stop user starting two sessions by checking with logind whether that
user already have a graphical session.

Thanks,
Mohan R
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Re: [systemd-devel] question regarding DBUS_SESSION_BUS_ADDRESS in multiseat environment

2016-12-02 Thread Jóhann B . Guðmundsson

On 12/02/2016 12:28 PM, Simon McVittie wrote:


Does this mean your user is trying to be physically present in two places
at the same time? How is this a useful thing to do?:-)


Clones are very useful things to have.

You just sit a drink a pina colada in hut in bora bora while they do all 
the hard work ;)


JGB
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Re: [systemd-devel] question regarding DBUS_SESSION_BUS_ADDRESS in multiseat environment

2016-12-02 Thread Simon McVittie
On Fri, 02 Dec 2016 at 13:58:01 +0530, Mohan R wrote:
> Let say if a user already have a session(session0) in a seat (customseat0) and
> he want to start another session in another seat (customseat1).

Does this mean your user is trying to be physically present in two places
at the same time? How is this a useful thing to do? :-)

> Is there any way to make pam_systemd provides uniq DBUS_SESSION_BUS_ADDRESS 
> for
> every session (may be unix:path=$XDG_RUNTIME_DIR/$XDG_SESSION_ID/bus)? or is
> there any way to ask 'systemd --user' to provide different
> DBUS_SESSION_BUS_ADDRESS to the childs?

More background on user-sessions in general:
https://lists.freedesktop.org/archives/systemd-devel/2015-January/027711.html

pam_systemd does not do this unless you have configured dbus-daemon
to provide one bus per logind user-session
(./configure --enable-user-session), which is not the default.
Either you or your OS vendor have explicitly chosen this model: if that
doesn't match your requirements, you need to revert this choice.

If you require multiple D-Bus sessions per logind user-session, you must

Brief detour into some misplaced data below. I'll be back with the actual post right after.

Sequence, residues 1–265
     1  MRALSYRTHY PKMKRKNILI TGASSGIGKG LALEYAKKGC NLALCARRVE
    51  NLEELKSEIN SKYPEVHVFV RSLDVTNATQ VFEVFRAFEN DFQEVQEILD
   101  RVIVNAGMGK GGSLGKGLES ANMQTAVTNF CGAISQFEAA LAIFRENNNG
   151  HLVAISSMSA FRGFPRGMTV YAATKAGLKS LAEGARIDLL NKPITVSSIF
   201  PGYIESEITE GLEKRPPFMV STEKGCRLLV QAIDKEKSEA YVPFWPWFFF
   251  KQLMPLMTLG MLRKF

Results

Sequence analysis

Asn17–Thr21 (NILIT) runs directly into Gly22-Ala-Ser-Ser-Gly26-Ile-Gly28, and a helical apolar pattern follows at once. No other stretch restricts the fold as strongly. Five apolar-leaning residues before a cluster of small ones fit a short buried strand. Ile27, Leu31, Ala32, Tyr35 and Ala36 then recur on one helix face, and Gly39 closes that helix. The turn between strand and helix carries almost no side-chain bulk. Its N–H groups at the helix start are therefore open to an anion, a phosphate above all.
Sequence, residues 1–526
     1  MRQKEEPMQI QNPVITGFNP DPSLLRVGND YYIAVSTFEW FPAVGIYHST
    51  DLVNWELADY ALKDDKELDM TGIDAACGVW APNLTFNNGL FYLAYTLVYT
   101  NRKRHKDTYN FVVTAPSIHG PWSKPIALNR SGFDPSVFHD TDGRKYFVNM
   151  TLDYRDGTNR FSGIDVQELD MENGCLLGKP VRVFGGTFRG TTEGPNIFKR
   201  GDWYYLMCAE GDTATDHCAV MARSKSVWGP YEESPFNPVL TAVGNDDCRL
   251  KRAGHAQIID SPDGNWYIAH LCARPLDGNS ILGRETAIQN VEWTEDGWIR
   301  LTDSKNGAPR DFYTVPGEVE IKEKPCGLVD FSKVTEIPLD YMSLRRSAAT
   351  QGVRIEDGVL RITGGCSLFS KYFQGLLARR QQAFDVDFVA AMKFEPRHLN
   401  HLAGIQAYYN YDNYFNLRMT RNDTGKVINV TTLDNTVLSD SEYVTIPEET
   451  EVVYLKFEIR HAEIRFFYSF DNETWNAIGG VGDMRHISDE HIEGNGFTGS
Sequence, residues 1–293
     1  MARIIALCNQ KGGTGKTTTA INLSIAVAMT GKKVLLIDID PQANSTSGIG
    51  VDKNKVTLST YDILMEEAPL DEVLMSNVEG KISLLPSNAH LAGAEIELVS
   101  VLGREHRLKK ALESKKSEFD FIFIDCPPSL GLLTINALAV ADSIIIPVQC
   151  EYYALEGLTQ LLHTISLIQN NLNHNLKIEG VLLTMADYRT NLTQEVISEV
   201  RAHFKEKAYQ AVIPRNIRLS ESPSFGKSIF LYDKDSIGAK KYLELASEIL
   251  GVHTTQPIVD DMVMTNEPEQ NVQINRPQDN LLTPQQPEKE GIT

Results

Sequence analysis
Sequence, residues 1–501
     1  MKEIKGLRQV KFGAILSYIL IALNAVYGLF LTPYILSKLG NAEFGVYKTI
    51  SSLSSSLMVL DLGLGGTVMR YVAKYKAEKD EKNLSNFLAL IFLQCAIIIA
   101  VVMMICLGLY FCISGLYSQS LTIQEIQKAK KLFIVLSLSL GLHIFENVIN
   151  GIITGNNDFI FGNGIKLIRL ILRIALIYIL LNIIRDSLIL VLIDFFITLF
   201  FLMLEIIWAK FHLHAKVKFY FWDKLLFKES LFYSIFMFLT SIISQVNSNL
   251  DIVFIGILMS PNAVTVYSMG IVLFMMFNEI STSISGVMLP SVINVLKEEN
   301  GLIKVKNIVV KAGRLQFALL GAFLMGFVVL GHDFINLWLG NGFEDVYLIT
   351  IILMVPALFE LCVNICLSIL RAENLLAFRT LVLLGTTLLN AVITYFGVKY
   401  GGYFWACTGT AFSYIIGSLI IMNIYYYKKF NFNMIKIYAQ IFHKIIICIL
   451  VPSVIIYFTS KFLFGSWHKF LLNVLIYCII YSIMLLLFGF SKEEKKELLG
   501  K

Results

either configure dbus without --enable-user-session (the default is
equivalent to --disable-user-session), or mask or remove the
dbus.service and dbus.socket systemd user units that are installed
by enabling that option (/usr/lib/systemd/dbus.*).

The user-session support in dbus is designed to be easy to enable or
disable by adding/removing packages, if your OS vendor packages it
suitably. For example, in Debian (including derivatives like Ubuntu),
/usr/lib/systemd/dbus.* are packaged separately in the dbus-user-session
package, so you can remove that package to go back to the older model.

If your OS vendor has not packaged dbus like that, perhaps ask them to
look at how it's done in Debian? Or if they have deliberately chosen
not to support multiple D-Bus sessions per logind user-session, then
that OS distribution is not suitable for your requirements, and you
need to change either your requirements or your OS distribution.

Regards,
S
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Re: [systemd-devel] question regarding DBUS_SESSION_BUS_ADDRESS in multiseat environment

2016-12-02 Thread Mantas Mikulėnas
On Fri, Dec 2, 2016 at 10:28 AM, Mohan R  wrote:

> Hi,
>
> I'm working on a display-manager for a multiseat environment. Here is how
> we use logind
>
> 1. create new seat through udev
> 2. we set the XDG_SEAT in pamenv before calling pam_open_session()
> 3. we take XDG_SESSION_ID, XDG_RUNTIME_DIR and DBUS_SESSION_BUS_ADDRESS
> from pam_systemd
>
> Let say if a user already have a session(session0) in a seat (customseat0)
> and he want to start another session in another seat (customseat1). Our
> display manager would get the same DBUS_SESSION_BUS_ADDRESS from
> pam_systemd for session1.
>
> As we cannot use the same address for two sessions, we have to start
> dbus-session manually. Using the address provided by dbus-session as
> DBUS_SESSION_BUS_ADDRESS, we then proceed with starting gnome-keyring and
> gnome-session.
>
> Problem is, processes forked by 'systemd --user' will have
> DBUS_SESSION_BUS_ADDRESS="unix:path=$XDG_RUNTIME_DIR/bus" but processes
> forked by gnome-session will have DBUS_SESSION_BUS_ADDRESS=$
> DBUS_SESSION_PROVIDED_ADDRESS.
>
> Is there any way to make pam_systemd provides uniq
> DBUS_SESSION_BUS_ADDRESS for every session (may be